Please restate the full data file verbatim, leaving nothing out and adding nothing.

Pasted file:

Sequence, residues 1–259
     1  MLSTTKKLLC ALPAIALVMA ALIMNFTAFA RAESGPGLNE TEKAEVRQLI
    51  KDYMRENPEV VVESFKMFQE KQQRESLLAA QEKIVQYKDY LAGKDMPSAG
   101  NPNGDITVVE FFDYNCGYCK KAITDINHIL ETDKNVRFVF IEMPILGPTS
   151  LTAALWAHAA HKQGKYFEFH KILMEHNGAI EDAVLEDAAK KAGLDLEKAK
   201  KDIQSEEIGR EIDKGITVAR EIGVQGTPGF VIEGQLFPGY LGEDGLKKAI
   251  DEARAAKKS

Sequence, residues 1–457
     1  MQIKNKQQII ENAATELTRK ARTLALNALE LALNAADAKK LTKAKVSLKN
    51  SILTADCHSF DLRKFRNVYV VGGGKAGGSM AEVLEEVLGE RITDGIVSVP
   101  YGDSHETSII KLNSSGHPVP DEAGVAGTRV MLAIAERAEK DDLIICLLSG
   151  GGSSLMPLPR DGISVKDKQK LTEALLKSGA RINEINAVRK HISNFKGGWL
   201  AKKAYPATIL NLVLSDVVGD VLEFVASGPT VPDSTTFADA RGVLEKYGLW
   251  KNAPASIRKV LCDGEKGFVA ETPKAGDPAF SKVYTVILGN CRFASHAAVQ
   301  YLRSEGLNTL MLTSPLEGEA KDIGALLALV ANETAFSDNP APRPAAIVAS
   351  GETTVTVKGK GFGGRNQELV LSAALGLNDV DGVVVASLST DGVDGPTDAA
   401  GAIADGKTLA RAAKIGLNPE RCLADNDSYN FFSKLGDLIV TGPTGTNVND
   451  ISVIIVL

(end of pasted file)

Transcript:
Sequence, residues 1–259
     1  MLSTTKKLLC ALPAIALVMA ALIMNFTAFA RAESGPGLNE TEKAEVRQLI
    51  KDYMRENPEV VVESFKMFQE KQQRESLLAA QEKIVQYKDY LAGKDMPSAG
   101  NPNGDITVVE FFDYNCGYCK KAITDINHIL ETDKNVRFVF IEMPILGPTS
   151  LTAALWAHAA HKQGKYFEFH KILMEHNGAI EDAVLEDAAK KAGLDLEKAK
   201  KDIQSEEIGR EIDKGITVAR EIGVQGTPGF VIEGQLFPGY LGEDGLKKAI
   251  DEARAAKKS

Sequence, residues 1–457
     1  MQIKNKQQII ENAATELTRK ARTLALNALE LALNAADAKK LTKAKVSLKN
    51  SILTADCHSF DLRKFRNVYV VGGGKAGGSM AEVLEEVLGE RITDGIVSVP
   101  YGDSHETSII KLNSSGHPVP DEAGVAGTRV MLAIAERAEK DDLIICLLSG
   151  GGSSLMPLPR DGISVKDKQK LTEALLKSGA RINEINAVRK HISNFKGGWL
   201  AKKAYPATIL NLVLSDVVGD VLEFVASGPT VPDSTTFADA RGVLEKYGLW
   251  KNAPASIRKV LCDGEKGFVA ETPKAGDPAF SKVYTVILGN CRFASHAAVQ
   301  YLRSEGLNTL MLTSPLEGEA KDIGALLALV ANETAFSDNP APRPAAIVAS
   351  GETTVTVKGK GFGGRNQELV LSAALGLNDV DGVVVASLST DGVDGPTDAA
   401  GAIADGKTLA RAAKIGLNPE RCLADNDSYN FFSKLGDLIV TGPTGTNVND
   451  ISVIIVL